“Classic PR is still about the old radiation – putting your message out on a wire and seeing who picks it up. The new PR is connecting with consumers and creating that interaction so that when they have something to say, it becomes a conversation,” he says.

It’s all about integration

If we had to choose a marketing buzzword for 2012, integration would be it. We’ve heard (and written about) many agencies changing their structures (and seating arrangements) to become more cohesive units.

And marketers are doing the same. Internally over the past 14 months, Campbell has integrated its brand and communications group with marketing to not only work more efficiently across the digital space, but be “more aligned with one voice,” says VP marketing Mark Childs.

When asked which agency partner is becoming increasingly important to Campbell, Childs says, “I think the biggest change that we’ve seen is a much stronger integration of agency partners. So in the way that we work on a weekly basis, we have all of our agencies get together with the marketing team leads with Melanie [Rockliff, corporate brand and communications manager] and myself to actually talk through strategies and plans.”

Working with many partners, including Weber Shandwick, 6 Degrees, OMD, BBDO, and now Mofilm for content creation (see story on p. 8), Childs says that who takes the lead depends on the initiative. For example, social media and blogging were key to the recent launch of Cracker Chips under the Pepperidge Farm banner, so Weber and 6 Degrees led the charge on initiatives that included a sponsorship of the BlissDom blogging conference in Toronto.

It’s all part of an effort to become more “digitally fit” across multiple platforms. The company is also bulking up its internal team to better handle its robust social media presence, which includes many of the major platforms, including Facebook, Twitter and Pinterest.

“As a team we’ve always felt that our internal resources should really be the voice of Campbell. I know many of our peers have outsourced that, we have not. And I think that’s helping us build the brand in the digital space,” says Childs, noting that in the past year or so they’ve hired an expert in social media conversation and a digital marketing manager.

The social executive

A study conducted in the spring by the Queen’s University School of Business found that Canadian executives are active users of social media, with 82% saying they personally use it (LinkedIn being the front-runner). Yet while 39% of bosses say social media is a necessity for their company, and 35% say they use it heavily because it’s a good opportunity for the business, 24% say it doesn’t add any value. Further, only 17% believe it’s beneficial in better understanding their customer (the top two benefits were increasing brand awareness at 39% and recruiting talent at 21%).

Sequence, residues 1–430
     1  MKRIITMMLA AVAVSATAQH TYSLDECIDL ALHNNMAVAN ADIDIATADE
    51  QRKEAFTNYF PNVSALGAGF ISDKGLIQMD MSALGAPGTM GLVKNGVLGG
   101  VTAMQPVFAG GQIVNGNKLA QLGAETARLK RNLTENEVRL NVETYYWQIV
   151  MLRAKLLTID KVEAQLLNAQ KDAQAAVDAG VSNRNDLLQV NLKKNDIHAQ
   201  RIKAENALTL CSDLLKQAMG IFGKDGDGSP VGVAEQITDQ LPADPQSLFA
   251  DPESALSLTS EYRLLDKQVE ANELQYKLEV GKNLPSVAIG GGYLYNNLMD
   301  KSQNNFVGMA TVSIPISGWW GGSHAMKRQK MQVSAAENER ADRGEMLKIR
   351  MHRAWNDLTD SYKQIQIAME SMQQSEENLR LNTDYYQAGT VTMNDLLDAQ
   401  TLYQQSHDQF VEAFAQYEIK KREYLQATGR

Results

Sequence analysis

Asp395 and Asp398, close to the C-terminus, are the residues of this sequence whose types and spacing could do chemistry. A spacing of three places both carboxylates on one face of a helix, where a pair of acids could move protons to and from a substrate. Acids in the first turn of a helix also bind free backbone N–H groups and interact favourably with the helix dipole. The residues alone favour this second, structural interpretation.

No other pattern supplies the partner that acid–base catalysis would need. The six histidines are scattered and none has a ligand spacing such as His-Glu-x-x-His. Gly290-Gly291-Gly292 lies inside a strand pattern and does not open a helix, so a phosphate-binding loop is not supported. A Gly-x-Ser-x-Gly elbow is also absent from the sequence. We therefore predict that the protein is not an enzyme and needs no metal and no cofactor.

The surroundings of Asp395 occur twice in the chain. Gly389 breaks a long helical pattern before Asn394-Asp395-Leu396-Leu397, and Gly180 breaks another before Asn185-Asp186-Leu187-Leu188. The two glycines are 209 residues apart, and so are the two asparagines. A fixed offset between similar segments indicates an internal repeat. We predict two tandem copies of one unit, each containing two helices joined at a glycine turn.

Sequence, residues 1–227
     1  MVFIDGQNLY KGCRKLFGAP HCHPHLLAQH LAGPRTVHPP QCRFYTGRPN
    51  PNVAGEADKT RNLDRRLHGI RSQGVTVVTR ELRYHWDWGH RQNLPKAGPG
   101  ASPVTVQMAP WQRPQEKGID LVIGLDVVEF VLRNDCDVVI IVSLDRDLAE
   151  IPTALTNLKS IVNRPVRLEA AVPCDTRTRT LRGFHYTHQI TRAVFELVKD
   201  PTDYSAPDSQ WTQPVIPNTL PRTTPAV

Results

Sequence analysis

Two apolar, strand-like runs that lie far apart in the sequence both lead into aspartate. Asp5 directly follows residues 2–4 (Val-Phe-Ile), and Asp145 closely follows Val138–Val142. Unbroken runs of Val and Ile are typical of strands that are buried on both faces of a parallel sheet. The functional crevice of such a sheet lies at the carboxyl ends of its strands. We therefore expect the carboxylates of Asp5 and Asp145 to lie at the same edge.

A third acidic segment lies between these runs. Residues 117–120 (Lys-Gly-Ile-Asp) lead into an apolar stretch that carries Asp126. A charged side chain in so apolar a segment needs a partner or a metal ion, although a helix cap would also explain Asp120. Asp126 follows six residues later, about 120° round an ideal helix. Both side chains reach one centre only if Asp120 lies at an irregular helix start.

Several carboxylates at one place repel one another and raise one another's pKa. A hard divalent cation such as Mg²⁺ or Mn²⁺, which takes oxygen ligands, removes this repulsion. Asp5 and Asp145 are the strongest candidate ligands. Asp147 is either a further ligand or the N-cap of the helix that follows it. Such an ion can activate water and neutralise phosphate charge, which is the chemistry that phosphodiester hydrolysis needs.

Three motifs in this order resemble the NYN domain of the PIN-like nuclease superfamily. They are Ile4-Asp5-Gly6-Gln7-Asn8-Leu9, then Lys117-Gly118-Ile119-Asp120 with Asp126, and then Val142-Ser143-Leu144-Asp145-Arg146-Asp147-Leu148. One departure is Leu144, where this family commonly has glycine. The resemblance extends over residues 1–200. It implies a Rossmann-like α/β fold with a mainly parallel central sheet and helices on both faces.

But some Canadian executives see the benefits of personally engaging in social beyond campaigns and LinkedIn recruiting. The CBC’s VP of English services Kirstine Stewart is one of them.

“I can’t imagine that many businesses couldn’t benefit from some form of social media,” she says. “I think it’s important for people to understand that things are changing and social media isn’t a fad, it’s an additional form of communication that people are taking up and using quite regularly.”

Stewart is a highly active tweeter, an activity she took up after seeing other execs she admired using the social platform with success.

“The first question I get asked is, ‘Is that really you?’,” she says. “I think it’s really important that it be your own voice. I can tell when people have someone else writing for them and you’re just setting yourself up to have a different kind of relationship.”

Stewart says that if you’re going to open yourself up to representing your brand in the social sphere, be prepared to respond to both positive and negative comments, however she’s not about to engage in a lengthy debate on Twitter (which is difficult to do in 140 characters). And while she lets her personality shine through, she doesn’t get too personal with her tweets.

Not bad rules to live by, considering that in the Queen’s study, 91% of the executives polled said they believe that employees should be mindful that even on their own time they still represent the company.

2012′s Top ad spenders*

By category

1 Retail 12.8%
2 Automotive 12.3%
3 Food 7.4%
4 Entertainment 6.6%
5 Financial & insurance services 6.1%
6 Local automotive dealer advertising 5.2%
7 Restaurants, catering & night clubs 4.7%
8 Travel & transportation 4.4%
9 Telecommunications 4.1%
10 Real estate 3.9%

By company

1 Procter & Gamble
2 Rogers Communications
3 GM
4 Chrysler Canada
5 Government of Canada
6 Provincial Government Lotteries
7 Chrysler Consolidated Local Car Dealerships
8 Johnson & Johnson
9 Telus
10 McDonald’s

*All data is for the first three quarters of 2012, courtesy of Nielsen.

All infographics by Sandra Tavares.